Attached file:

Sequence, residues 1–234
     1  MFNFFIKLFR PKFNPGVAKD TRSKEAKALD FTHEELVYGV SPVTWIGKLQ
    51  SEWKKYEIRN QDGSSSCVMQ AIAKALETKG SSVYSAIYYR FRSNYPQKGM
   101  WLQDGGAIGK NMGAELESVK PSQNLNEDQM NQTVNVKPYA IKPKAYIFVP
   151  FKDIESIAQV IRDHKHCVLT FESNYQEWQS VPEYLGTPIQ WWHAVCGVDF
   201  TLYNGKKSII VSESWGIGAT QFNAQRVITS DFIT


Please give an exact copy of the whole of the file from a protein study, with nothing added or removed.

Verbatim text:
Sequence, residues 1–234
     1  MFNFFIKLFR PKFNPGVAKD TRSKEAKALD FTHEELVYGV SPVTWIGKLQ
    51  SEWKKYEIRN QDGSSSCVMQ AIAKALETKG SSVYSAIYYR FRSNYPQKGM
   101  WLQDGGAIGK NMGAELESVK PSQNLNEDQM NQTVNVKPYA IKPKAYIFVP
   151  FKDIESIAQV IRDHKHCVLT FESNYQEWQS VPEYLGTPIQ WWHAVCGVDF
   201  TLYNGKKSII VSESWGIGAT QFNAQRVITS DFIT